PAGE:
Vickers Warwick B.Mk.1: A Shaky Start to a Forgotten Legend

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Introduction: Among the British aircraft of the Second World War, one tends to think of the Spitfire, the Hurricane and the Lancaster. Maybe the Mosquito and Typhoon, if one is a bit more in the know. But the Vickers Warwick is, more often than not, forgotten by most, despite its significant importance to the War Effort. In fact, the aircraft was almost doomed from the start. It was outdated before it even flew, it had been overtaken by new developments and the Air Ministry wasn’t so keen on funding it any more. Indeed, this aircraft had much to go against before it could even fly, and it could have remained on the drawing board. Even though it did fly, the RAF didn’t want it. But, the aircraft was built, and did enter service, and became an integral part in the War against Germany, but not in the way it was intended. That however, is for another time, this is the story of how the Warwick was spawned.

Development History: Designed to Specification B.1/35, the Warwick was intended as a heavier follow-up for the Wellington, from which it was derived. The specification was ordered after the Director of Technical Development visited the US and determined that it was necessary to implement the newest accomplishments, in particular the latest advancements in engine development, on bombers, to create a truly modern bomber, fit for the 1940’s. The requirement was released on the 29th of May, 1935, and a Tender Design Conference was held to analyse eight projects, which had been submitted. The Tender Design Conference gave first place to Vickers, for their project designated “284”, however, Armstrong Whitworth, Handley Page and Boulton Paul were ordered to build prototypes of their designs. Boulton Paul was omitted from the list, and AWA and HP cancelled the production of theirs before construction began, due to constraints with other programs and thought it was best to work on more modern aircraft, leaving only Vickers.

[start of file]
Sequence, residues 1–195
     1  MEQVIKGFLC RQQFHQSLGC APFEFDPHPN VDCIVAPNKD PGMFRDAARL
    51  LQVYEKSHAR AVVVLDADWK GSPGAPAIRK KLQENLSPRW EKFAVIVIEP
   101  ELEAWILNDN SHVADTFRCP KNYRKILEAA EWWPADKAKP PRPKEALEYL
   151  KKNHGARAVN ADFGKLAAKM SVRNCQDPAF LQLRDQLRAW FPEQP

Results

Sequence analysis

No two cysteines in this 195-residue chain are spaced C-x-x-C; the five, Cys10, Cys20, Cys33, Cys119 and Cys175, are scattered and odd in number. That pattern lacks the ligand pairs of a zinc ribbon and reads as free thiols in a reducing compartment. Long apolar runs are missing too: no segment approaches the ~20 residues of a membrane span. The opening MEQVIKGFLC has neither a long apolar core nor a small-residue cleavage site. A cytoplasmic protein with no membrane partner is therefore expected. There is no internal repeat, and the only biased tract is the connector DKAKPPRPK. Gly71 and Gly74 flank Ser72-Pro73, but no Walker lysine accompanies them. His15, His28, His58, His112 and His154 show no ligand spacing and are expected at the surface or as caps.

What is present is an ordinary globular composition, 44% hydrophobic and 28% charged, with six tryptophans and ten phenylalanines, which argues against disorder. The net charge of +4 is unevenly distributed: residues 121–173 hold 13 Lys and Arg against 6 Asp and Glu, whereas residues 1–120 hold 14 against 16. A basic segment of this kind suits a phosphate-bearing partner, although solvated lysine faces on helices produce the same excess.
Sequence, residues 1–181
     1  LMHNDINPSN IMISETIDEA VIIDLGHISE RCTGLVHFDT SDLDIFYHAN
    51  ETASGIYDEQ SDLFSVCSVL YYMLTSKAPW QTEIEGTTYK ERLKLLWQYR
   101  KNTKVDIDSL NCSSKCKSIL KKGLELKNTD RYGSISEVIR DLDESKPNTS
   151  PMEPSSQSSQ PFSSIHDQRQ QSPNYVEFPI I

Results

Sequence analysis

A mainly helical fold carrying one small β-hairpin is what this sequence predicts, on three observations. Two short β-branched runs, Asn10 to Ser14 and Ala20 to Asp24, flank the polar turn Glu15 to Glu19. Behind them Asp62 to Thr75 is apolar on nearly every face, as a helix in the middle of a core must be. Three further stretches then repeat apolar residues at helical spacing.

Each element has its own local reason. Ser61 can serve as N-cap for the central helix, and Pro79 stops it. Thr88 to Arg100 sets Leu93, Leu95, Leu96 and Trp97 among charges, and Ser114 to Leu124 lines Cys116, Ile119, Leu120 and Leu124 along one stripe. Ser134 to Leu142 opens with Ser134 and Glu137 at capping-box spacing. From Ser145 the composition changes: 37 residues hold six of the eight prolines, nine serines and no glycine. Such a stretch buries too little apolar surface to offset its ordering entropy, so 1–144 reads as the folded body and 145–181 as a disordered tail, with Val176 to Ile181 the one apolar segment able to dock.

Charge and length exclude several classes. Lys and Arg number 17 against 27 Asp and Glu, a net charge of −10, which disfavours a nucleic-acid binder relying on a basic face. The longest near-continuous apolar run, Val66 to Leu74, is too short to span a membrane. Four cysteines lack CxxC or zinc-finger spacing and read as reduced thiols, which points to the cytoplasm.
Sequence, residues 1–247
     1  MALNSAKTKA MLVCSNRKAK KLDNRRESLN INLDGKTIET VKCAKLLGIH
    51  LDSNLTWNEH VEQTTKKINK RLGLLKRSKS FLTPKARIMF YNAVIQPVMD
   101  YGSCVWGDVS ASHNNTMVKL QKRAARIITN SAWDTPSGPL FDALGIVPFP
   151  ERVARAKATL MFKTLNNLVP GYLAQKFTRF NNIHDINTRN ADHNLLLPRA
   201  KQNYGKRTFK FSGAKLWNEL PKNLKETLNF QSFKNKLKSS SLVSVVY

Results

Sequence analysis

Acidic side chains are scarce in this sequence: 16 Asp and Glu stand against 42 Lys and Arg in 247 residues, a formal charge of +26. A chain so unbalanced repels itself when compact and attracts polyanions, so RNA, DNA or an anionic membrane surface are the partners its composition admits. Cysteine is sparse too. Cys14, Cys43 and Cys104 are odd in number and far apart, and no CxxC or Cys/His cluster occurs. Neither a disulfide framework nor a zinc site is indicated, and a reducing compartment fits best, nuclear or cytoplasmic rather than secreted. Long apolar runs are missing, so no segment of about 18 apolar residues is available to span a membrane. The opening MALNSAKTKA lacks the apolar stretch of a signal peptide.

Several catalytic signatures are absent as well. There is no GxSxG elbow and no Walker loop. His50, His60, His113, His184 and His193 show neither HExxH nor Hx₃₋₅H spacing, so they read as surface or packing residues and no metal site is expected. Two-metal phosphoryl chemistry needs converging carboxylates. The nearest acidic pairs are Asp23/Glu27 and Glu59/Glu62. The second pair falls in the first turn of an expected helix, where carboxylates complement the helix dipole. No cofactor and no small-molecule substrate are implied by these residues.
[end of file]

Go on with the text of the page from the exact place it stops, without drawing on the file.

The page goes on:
Arising Problems: Work was slow and protracted, partly because of work on the B.9/32 (later known as Wellington), and partly because it was eclipsed by other, more modern projects. On 13th August, 1939, the prototype Warwick, K8178, took to the air for the first time, powered by Rolls-Royce Vultures. The second prototype, L9704, flew on the 7th April, 1940, powered by Bristol Centaurus units. When it was found that the Centaurus was in short supply, L9704 flew with P&W Twin Wasps, although it was found that these gave inferior performance. Nevertheless, 250 were ordered. In this configuration, the A&AEE deemed it a failure. Later production versions would revert to the Centaurus. The Air Ministry only continued with its development because it wished to have a larger version of the Wellington, due to the assumption of common parts (although the number of parts in common was much lower than hoped for).

R.S. Sorley, ACAS(T), to the Secretary of State for Air about the Warwick B.Mk.1:
“The Warwick is of no operational value because it has such an unsatisfactory power to weight ratio that it has no ability to fly on one engine with any useful load. This is a basic failing of heavy-twin engined aircraft and is no more attributable to the fact that it is the Warwick than in any other similar sized aircraft. In summary the Warwick fails because it is an old design founded on an unsound basis, i.e. heavy twin-engined aircraft.”